By C. Boyden Gray
Aug. 7, 2017 6:20 p.m. ET
Will Special Counsel Robert Mueller’s investigation morph into an open-ended inquisition? Independent and special counsel investigations of the executive branch since Watergate often have. Mr. Mueller’s recently reported impaneling of a grand jury in Washington does not guarantee that it will happen again, or even that anyone will be indicted. But it seems that the investigation is moving beyond questions of campaign collusion with Russia.
There has been a Russia investigation under way for more than a year, with no indication yet of a collusion crime, notwithstanding the leakiest period in presidential history. This is not to deny that the Russians have meddled in U.S. elections. Nor is it to say that persons associated with the Trump campaign might not possibly have committed offenses unrelated to collusion that merit prosecution. Such investigations may be beyond Mr. Mueller’s core jurisdiction, but the wording of his assignment lets him roam far beyond collusion issues.
As a practical matter, there is no firm, clear limit to the resources or time that can be devoted to special-counsel investigations. Nor is there an obvious limit on their scope. As Attorney General (later Justice) Robert Jackson observed in 1940, the prosecutor’s “most dangerous power” is “that he will pick people that he thinks he should get, rather than cases that need to be prosecuted. With the law books filled with a great assortment of crimes, a prosecutor stands a fair chance of finding at least a technical violation of some act on the part of almost anyone.” Willie Stark —seeking dirt on a political opponent—explained this truth succinctly in Robert Penn Warren’s “All the King’s Men”: “Man is conceived in sin and born in corruption. . . . There is always something.”
The Iran-Contra independent counsel investigation (1986-93), authorized under a now-expired post-Watergate statute, illustrates the point. Despite nearly seven years of distracting inquiries sustained by unlimited budgets—and unfair political effects and leaks—no one was convicted or even indicted for any action pertaining to Iran or the Contras. The law barring certain funding for the Contras in Nicaragua, the Boland Amendment, was an appropriations provision, containing no civil or criminal penalties.
That didn’t matter. The independent counsel obtained a series of peripheral convictions, mostly for obstructing Congress’s Iran-Contra investigation in various ways. The investigation didn’t end until after President George H.W. Bush pardoned former Defense Secretary Caspar Weinberger —a vigorous opponent of the Iran-Contra transactions—for alleged offenses relating to diary and meeting notes that he had not produced to investigators.
The independent counsel statute plagued presidents of both parties and expired unceremoniously in 1999, a few months after Bill Clinton’s impeachment trial. But Justice Department regulations still provide for the authorization of special counsels like Mr. Mueller.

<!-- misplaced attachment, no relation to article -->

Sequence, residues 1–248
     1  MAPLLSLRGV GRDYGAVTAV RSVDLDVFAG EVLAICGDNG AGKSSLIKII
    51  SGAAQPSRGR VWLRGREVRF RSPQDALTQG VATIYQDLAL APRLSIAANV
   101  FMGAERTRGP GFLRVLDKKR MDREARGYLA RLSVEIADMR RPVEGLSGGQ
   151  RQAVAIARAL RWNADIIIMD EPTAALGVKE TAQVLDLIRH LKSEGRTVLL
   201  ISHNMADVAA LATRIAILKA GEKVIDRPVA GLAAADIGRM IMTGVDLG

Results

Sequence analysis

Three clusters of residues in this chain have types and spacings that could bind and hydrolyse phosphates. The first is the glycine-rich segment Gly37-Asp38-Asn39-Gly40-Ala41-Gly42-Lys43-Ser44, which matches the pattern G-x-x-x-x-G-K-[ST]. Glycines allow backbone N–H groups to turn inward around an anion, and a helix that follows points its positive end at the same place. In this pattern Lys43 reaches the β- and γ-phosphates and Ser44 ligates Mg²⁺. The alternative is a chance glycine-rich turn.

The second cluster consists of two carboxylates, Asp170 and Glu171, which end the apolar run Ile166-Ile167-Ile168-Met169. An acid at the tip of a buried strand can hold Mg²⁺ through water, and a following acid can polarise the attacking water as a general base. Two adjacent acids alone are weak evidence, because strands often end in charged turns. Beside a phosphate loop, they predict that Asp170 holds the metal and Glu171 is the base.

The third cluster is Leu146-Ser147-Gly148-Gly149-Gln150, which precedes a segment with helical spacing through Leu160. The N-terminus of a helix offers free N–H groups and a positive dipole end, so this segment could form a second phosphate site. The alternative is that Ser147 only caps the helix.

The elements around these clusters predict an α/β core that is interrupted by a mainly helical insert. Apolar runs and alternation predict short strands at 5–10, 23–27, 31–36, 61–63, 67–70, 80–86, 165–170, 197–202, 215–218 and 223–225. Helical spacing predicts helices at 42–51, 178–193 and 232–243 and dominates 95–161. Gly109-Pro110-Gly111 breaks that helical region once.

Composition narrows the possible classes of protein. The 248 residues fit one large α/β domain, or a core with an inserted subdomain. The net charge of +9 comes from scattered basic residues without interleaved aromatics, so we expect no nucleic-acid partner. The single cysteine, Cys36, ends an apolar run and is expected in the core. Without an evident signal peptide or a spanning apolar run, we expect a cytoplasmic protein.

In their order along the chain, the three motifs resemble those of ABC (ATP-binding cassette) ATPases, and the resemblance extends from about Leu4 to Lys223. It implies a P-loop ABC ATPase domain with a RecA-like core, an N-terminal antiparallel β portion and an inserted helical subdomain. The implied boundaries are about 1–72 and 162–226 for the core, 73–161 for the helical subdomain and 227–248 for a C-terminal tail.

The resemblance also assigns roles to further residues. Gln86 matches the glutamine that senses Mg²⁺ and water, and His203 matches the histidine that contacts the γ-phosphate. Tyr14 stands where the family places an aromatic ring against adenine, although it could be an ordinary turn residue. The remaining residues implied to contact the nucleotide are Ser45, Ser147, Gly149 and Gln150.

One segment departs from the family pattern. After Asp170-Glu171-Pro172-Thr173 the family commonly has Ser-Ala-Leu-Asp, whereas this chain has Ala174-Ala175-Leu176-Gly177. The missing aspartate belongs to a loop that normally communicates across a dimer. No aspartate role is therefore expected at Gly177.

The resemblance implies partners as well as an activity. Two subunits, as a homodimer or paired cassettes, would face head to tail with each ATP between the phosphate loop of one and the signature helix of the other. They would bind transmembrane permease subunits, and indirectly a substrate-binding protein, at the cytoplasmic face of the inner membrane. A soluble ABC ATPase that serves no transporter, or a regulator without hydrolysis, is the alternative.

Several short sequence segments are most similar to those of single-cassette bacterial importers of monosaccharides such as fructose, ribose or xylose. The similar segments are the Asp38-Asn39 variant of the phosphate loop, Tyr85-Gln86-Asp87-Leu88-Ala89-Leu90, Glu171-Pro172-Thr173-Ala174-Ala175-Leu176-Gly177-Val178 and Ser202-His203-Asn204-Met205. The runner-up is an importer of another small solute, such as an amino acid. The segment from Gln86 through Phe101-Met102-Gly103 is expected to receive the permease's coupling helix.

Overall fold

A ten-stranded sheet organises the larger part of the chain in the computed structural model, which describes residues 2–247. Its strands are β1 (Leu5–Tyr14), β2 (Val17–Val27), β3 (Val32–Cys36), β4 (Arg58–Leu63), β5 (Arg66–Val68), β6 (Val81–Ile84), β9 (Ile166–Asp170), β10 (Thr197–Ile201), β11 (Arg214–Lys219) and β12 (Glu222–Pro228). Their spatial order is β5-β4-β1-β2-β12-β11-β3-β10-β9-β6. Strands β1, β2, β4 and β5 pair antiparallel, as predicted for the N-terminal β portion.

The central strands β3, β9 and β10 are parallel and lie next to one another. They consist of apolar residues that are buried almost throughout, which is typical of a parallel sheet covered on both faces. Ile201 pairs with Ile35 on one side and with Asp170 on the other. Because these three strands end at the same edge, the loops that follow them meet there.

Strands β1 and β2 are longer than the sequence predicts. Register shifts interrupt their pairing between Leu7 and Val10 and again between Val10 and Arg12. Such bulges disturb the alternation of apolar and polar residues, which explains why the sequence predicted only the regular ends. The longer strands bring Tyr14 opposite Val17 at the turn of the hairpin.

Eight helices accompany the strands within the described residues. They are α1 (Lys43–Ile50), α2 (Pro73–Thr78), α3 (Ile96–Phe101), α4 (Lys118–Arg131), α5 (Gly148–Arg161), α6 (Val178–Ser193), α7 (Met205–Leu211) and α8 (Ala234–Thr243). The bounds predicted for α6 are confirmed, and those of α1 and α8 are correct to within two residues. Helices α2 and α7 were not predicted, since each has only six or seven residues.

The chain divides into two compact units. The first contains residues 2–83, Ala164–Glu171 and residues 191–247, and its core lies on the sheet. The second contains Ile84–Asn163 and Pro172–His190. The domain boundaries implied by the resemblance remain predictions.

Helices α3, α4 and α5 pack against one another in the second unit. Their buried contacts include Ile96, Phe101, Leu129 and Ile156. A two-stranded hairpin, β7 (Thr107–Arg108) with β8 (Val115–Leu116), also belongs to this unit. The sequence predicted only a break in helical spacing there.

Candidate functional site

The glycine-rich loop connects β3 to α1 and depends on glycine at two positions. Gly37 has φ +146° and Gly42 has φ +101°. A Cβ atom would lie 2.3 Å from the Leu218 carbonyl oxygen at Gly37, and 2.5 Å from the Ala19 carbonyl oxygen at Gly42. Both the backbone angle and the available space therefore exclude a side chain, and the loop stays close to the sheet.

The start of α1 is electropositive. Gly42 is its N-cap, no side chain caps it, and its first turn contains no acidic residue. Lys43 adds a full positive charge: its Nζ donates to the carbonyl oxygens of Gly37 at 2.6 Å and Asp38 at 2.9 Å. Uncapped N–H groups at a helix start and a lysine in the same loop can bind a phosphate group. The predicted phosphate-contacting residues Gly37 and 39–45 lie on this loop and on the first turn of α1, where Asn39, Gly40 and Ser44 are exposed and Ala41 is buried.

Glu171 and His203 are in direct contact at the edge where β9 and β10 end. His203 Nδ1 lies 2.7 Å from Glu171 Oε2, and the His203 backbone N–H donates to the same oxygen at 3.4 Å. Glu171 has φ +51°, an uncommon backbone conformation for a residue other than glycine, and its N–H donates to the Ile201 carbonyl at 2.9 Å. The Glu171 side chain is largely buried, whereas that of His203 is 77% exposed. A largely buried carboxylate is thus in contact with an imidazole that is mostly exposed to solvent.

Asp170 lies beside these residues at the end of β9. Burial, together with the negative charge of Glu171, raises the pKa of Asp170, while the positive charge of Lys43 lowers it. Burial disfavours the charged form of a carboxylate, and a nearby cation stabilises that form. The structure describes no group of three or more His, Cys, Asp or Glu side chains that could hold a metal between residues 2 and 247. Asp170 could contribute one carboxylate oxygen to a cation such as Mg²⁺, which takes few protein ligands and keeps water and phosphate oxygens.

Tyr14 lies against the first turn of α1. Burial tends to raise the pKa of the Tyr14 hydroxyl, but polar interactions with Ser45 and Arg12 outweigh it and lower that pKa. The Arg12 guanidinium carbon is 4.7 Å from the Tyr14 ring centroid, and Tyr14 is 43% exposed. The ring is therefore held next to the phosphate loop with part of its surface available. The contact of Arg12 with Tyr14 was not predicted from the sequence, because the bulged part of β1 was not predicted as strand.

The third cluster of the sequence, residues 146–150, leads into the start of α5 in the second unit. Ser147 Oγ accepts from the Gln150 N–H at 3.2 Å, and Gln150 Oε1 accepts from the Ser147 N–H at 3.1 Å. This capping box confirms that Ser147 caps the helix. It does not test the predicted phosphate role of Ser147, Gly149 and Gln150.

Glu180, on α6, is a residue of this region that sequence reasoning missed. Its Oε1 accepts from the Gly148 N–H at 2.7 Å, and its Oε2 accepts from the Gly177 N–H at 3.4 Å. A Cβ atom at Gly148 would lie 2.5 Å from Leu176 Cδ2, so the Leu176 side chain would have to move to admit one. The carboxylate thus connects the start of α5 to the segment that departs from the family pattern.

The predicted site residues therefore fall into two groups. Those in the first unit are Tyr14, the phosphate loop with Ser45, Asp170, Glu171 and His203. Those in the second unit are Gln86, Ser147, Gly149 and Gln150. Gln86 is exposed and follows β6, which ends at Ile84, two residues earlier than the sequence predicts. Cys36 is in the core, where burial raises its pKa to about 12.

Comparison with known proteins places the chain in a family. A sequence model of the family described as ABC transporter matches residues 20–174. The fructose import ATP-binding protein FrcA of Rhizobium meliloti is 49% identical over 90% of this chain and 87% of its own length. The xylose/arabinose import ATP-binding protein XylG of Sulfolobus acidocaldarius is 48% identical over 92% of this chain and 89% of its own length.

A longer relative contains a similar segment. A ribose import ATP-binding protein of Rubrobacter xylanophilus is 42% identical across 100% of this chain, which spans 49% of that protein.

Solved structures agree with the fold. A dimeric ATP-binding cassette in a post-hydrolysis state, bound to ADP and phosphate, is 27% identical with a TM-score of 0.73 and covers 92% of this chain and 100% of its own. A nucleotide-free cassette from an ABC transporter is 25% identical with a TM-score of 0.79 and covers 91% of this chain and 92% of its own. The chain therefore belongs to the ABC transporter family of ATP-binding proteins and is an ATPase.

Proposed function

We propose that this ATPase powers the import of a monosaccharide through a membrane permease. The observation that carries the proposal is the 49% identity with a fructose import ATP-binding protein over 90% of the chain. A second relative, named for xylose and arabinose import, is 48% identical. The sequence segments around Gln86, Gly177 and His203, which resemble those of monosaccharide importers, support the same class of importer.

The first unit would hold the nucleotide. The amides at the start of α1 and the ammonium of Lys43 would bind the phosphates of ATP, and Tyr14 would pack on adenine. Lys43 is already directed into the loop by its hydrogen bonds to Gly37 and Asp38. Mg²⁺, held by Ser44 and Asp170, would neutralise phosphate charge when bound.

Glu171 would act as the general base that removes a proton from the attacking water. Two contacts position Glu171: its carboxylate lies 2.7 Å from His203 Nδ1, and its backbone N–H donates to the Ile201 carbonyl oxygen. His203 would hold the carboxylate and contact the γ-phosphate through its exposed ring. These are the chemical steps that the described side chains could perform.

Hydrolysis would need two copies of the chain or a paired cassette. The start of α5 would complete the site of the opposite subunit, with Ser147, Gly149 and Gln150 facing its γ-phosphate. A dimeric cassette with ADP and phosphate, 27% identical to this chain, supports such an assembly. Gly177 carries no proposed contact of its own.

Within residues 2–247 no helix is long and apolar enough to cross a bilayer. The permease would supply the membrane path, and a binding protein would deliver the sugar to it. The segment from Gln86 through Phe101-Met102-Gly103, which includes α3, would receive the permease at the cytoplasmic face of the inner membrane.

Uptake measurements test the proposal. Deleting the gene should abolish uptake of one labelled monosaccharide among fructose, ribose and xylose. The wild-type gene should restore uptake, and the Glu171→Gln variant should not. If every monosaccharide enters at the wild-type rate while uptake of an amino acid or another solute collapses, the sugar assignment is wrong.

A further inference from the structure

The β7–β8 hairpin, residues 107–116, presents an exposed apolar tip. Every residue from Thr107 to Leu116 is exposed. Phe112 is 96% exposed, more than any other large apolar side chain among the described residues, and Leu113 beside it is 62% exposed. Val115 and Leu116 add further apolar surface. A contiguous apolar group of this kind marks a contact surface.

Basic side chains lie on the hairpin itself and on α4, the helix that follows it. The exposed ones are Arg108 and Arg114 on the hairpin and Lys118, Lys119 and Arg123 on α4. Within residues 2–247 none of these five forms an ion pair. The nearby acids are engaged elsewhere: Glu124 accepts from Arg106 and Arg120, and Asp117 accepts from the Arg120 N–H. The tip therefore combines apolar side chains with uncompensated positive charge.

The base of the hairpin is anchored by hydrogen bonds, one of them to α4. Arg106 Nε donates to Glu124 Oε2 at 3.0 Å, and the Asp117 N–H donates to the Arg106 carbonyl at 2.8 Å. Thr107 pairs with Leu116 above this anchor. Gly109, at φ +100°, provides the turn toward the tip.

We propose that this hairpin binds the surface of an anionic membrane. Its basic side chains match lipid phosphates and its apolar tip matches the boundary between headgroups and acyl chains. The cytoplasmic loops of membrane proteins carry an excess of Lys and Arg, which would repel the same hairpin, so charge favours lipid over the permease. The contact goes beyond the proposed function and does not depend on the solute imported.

Will history repeat itself? Deputy Attorney General Rod Rosenstein, who appointed Mr. Mueller, told “Fox News Sunday” this past weekend that “ Bob Mueller understands and I understand the specific scope of the investigation and so, it’s not a fishing expedition.” But Mr. Rosenstein’s order appointing Mr. Mueller is somewhat mixed. It authorizes Mr. Mueller to investigate not only “any links and/or coordination” between Trump campaign associates and the Russian government, but also “any matters that arose or may arise directly from the investigation.”
President Trump has understandable grounds for concern that the probe will drag on. But the best solution is not to dismiss Mr. Mueller. It is for all responsible parties to get the facts out speedily. That includes the congressional committees investigating the matter, which are under no obligation to lag the Mueller inquiry. Any valid prosecutions should also proceed quickly.
So far the publicly available evidence does not paint a picture of a conspiracy to collude with Russia. That includes the infamous June 2016 meeting between campaign principals and various Russian nationals at Trump Tower. The meeting—and an ill-considered email chain preceding it, involving the Donald Trump Jr. and others—was unwise. But there does not seem to have been any follow-up.
It bears repeating that not every interaction between campaign personnel and foreign nationals or governments is unlawful or even inappropriate. U.S. law is more complicated. Various forms of foreign involvement in American elections are prohibited. Most prominently, U.S. law forbids campaign donations in U.S. elections by foreign governments and nonresident aliens. And the Foreign Agents Registration Act, among other statutes, imposes criminally enforceable disclosure requirements on agents of foreign governments who attempt to influence public opinion, policy and law.
Yet the Foreign Agents Registration Act is not the Foreign Agents Prohibition Act. U.S. law allows foreign agents significant freedom to advocate and even to lobby. Saudi Arabia and Qatar are prime examples. More prosaically, foreign nationals and governments often participate in agency rule makings, which can have campaign impact.
To prevent a never-ending replay of Iran-Contra, it will be essential to flush out the Russia facts, in a disciplined way, as soon as possible. No statements should be made or actions taken that could be construed as undermining the investigations. Equally important, the investigators must proceed promptly and evenhandedly. Within their proper mandates, investigators ought to review questions about potentially troubling behavior by Democrats during the 2016 campaign, too.
Mr. Gray served as counsel to the vice president (1981-89) and White House counsel (1989-93).